The humble board book, with its cardboard-thick pages, gently rounded corners and simple concepts for babies, was once designed to be chewed as much as read.

But today’s babies and toddlers are treated to board books that are miniature works of literary art: classics like “Romeo and Juliet,” “Sense and Sensibility” and “Les Misérables”; luxuriously produced counting primers with complex graphic elements; and even an “Art for Baby” book featuring images by the contemporary artists Damien Hirst and Paul Morrison.

–  A Library of Classics, Edited for the Teething Set, NYT

  • What do you think about reading complicated classics to preschoolers?
  • Do you read fairytales to preschoolers? If so, are they the originals or has their gruesomeness been ameliorated? (After all, fairytales were not originally meant for children — they were cautionary tales for adolescents and adults.)
  • Do you also read the classic Nursery Rhymes, such as the Mother Goose rhymes?
  • Has anything been lost between your own childhood and the childhood of your children?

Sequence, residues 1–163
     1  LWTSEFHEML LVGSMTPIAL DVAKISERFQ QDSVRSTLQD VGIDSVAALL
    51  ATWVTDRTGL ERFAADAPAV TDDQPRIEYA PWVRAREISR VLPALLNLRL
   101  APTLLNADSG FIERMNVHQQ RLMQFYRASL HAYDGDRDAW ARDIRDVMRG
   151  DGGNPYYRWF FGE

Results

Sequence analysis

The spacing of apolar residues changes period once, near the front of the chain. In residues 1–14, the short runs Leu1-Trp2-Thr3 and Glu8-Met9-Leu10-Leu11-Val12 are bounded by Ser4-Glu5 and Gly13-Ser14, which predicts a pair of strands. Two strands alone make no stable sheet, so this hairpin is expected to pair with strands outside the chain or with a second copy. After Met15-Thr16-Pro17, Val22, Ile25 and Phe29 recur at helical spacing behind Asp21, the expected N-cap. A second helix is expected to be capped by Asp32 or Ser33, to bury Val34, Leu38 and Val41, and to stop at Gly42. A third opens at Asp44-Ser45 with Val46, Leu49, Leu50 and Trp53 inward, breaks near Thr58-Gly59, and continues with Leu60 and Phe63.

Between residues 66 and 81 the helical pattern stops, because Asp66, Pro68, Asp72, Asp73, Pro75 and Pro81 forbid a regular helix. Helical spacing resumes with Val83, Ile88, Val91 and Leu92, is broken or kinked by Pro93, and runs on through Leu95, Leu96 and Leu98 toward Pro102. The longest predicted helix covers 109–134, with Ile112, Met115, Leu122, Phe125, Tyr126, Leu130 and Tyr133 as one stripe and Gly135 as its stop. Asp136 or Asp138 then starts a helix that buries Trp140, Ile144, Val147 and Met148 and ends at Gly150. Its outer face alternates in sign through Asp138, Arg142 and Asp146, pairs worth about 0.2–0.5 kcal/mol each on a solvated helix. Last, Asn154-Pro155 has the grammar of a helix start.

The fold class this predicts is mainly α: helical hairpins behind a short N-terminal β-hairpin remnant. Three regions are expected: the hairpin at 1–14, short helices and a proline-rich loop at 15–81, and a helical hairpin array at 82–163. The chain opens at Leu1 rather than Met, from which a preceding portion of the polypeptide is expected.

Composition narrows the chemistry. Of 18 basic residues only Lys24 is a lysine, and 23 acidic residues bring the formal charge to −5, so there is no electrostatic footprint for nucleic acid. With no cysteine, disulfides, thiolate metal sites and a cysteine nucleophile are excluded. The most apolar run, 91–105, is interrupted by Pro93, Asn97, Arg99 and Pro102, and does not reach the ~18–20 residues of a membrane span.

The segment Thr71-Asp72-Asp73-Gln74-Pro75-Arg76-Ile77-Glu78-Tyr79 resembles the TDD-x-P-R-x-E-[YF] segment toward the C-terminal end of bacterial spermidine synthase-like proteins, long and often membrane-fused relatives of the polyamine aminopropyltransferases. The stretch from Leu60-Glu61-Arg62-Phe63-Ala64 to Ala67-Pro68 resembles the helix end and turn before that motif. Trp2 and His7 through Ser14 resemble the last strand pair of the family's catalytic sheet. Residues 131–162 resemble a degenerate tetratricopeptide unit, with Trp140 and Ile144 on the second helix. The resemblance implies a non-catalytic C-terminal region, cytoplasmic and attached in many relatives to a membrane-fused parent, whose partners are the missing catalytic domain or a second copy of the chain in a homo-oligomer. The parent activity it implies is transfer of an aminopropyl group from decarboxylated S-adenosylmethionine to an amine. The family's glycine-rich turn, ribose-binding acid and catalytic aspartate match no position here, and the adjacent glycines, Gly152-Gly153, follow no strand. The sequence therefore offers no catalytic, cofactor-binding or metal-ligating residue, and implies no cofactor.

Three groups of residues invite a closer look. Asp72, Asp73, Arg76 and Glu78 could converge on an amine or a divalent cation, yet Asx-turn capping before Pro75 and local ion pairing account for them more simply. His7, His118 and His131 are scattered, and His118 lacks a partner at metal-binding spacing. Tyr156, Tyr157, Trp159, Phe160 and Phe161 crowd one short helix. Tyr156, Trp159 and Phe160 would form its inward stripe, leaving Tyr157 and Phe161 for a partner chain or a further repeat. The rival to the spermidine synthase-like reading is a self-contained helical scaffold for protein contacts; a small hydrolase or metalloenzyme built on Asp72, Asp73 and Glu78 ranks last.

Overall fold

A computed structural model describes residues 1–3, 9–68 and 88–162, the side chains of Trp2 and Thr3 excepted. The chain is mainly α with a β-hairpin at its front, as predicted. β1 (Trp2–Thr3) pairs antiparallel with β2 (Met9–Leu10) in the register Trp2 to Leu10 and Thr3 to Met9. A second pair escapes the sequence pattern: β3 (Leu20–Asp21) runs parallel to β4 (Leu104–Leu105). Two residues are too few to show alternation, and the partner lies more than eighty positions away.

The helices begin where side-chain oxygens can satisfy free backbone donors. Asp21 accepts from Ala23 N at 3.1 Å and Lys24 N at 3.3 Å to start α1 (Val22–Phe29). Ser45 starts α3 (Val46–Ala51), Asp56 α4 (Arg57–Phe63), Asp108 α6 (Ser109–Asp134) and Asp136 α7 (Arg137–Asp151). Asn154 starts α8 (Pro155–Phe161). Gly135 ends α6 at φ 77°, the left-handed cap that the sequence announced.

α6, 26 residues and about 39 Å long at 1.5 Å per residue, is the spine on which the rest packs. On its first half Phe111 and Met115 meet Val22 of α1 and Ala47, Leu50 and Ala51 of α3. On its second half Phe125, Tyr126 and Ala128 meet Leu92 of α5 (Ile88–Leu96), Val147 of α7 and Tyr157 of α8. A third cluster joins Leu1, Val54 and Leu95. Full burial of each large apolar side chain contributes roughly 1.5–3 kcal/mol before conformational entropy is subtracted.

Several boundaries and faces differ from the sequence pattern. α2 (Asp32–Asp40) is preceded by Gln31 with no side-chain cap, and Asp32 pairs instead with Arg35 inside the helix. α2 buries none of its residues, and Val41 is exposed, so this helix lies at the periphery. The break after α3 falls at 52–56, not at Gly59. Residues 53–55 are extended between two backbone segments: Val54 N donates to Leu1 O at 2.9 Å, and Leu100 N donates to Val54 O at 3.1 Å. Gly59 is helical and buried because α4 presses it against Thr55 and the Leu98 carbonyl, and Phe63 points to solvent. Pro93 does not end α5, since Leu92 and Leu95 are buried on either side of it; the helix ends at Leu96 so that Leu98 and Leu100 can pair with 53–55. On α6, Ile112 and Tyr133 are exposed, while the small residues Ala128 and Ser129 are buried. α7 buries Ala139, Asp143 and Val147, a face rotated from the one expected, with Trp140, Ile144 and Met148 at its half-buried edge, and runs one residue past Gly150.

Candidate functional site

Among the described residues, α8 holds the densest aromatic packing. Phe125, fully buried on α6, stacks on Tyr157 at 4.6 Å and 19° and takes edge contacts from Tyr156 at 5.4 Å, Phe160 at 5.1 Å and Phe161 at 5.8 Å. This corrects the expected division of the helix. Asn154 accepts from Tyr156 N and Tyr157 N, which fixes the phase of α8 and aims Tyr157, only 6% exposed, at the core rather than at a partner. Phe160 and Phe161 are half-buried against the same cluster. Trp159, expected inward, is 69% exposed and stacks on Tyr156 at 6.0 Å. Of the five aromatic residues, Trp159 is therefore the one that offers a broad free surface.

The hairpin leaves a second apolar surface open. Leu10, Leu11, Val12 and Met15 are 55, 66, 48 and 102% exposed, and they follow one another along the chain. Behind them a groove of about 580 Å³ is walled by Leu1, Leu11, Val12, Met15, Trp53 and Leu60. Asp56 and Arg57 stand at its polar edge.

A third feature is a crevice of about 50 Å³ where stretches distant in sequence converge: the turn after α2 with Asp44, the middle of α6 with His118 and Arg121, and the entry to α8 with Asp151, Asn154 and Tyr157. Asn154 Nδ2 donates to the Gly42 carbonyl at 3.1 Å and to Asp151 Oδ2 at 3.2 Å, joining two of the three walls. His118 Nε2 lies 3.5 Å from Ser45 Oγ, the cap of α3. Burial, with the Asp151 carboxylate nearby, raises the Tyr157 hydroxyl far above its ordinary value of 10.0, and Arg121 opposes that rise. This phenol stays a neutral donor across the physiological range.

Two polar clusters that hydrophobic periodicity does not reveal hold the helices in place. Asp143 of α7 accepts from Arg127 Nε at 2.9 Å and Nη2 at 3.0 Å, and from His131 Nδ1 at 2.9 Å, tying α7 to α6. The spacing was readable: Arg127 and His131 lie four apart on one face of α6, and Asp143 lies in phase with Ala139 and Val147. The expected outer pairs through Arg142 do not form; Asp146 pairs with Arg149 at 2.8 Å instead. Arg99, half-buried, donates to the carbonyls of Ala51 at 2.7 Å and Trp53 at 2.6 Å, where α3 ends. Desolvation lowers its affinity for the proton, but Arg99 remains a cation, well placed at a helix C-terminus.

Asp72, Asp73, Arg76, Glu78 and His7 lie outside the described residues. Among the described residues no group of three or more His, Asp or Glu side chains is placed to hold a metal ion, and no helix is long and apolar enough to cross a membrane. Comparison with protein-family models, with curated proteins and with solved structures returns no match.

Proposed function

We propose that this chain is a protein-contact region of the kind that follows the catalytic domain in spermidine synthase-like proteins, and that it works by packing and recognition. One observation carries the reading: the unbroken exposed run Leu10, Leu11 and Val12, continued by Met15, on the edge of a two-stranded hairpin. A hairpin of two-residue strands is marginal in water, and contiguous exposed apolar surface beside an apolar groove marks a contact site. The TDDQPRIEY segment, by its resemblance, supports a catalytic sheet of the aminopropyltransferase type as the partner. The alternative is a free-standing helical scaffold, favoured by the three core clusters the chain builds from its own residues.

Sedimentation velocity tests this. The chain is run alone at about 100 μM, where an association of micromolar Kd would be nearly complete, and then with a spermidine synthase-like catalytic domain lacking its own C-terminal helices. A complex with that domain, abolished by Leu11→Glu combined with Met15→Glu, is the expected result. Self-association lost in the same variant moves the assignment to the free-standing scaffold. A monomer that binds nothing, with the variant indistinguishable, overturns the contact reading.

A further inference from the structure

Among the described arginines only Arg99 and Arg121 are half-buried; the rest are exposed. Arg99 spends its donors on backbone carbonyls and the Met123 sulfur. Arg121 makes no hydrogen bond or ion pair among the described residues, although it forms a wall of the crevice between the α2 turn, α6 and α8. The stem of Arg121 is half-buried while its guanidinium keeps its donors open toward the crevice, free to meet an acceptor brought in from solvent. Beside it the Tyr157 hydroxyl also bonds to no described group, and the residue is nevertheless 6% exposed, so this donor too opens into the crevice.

I have been asking myself these questions, because for those of us who like to curate reading material for our children (to avoid them reading an abundance of mass produced lackluster tales), there are some decisions to be made, given that there are only so many hours total of ‘childhood’. With each generation comes a whole host of new work, and it’s tempting to stick to our own old favourites, because finding good, newly published work is harder work, especially since so many ‘Best Of’ lists of kidlit seem to be compiled by people who don’t seem to have read a children’s book since their own childhood.

See also: The 7 Best Graphic Adaptations of Classic Literature from B&N